Housing

The ‘lefties’ who want less housing

Housing as a human right has been a cornerstone of progressive politics, but people on the left are some of those most opposed to building more of it

(Update: Former Auckland councillor Mike Lee has taken issue with how he was characterised in the below story. His response and Newsroom's acknowledgment is here)

Labour Party Prime Minister Norman Kirk may have said all Kiwis wanted was somewhere to live, but he never said it had to be right next door to his place.

Wellington City Labour Party councillor Rebecca Matthews is one of many on the progressive-end of politics calling out local body politicians of all stripes - including those on the left - who say they want more housing, but who push back at plans for higher density homes in their own ward or when it comes at the expense of 'heritage'.

"People are quite clearly saying things like they're okay with people who can't afford a million-dollar home not living in Wellington - and I'm not okay with that."

Wellington is just one of many city councils having these debates as they grapple with changes to their District Plan.

Many are trying to squeeze more housing into their cities by allowing developers to build more dense housing in traditionally low-rise inner city suburbs.

All councils will have to join them in this process thanks to a National Policy Statement on Urban Development (NPS-UD) which requires councils to redo their District Plans and remove many barriers to the construction of more housing.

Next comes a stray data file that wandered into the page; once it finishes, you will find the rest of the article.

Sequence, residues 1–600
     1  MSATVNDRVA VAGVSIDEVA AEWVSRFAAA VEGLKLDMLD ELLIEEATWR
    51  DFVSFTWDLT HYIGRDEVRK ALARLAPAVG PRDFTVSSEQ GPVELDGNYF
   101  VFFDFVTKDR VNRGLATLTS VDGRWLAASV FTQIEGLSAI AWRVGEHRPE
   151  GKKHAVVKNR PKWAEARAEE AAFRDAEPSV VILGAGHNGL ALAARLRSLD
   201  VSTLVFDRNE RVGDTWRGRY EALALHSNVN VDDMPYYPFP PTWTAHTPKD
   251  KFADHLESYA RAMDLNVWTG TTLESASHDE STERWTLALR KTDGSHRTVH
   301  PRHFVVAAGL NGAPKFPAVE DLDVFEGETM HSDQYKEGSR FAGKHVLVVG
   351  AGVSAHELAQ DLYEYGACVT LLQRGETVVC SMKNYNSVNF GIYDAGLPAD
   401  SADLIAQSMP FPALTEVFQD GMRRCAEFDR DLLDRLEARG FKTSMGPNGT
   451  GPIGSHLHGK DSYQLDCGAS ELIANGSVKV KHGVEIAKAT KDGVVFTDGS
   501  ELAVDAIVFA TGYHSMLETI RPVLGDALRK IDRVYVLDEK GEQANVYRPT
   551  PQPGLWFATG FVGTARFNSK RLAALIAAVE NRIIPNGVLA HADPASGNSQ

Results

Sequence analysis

However, all around the country some of the strongest voices pushing back against these changes are "progressive" left-wing politicians.

They're unhappy with density or moves to replace heritage homes with concrete structures. Or simply with the idea of private developers potentially buying up land and making a fortune.

"I think that for progressive people to oppose housing densification is actively denying people homes and it is driving up the price of housing. Often for their own benefit as property owners."

Auckland-based urban geographer Ben Ross described it as "Mike Lee syndrome" - a reference to an ex-Auckland City councillor who opposed parts of the city's Unitary Plan. 

"Mike Lee was a progressive of his time. Staunch unionist. Progressive ideals, but when it came to the intensification - especially his ward Waitematā - he just couldn't get his head around it.

"Now I don't know why progressives like that have a mind block. I just don't know."

Prime Minister Jacinda Ardern's ex-Chief of Staff Neale Jones has been having similar issues with progressive opposition as he's taken to social media in defence of plans for more intense housing in Wellington suburbs like Newtown. 

"I think that for progressive people to oppose housing densification is actively denying people homes and it is driving up the price of housing. Often for their own benefit as property owners," Jones told Newsroom.

As Matthews discovered it's not just so-called "conservative" politicians around the council table who own multiple homes.

She inadvertently highlighted Green Party-aligned Deputy Mayor Sarah Free's ownership of multiple properties when she captured a screenshot of declared property interests during her online pushback against NIMBYs (Not In My Backyard - people who don't want more development in their area). 

"That wasn't my intention actually to highlight. I just cropped the photo to show my own. I'm not really trying to expose others.

"There is a generational thing here. I've met maybe one person under 35 who is against this stuff....people have got in this position because they managed to buy these houses cheaply many many years ago.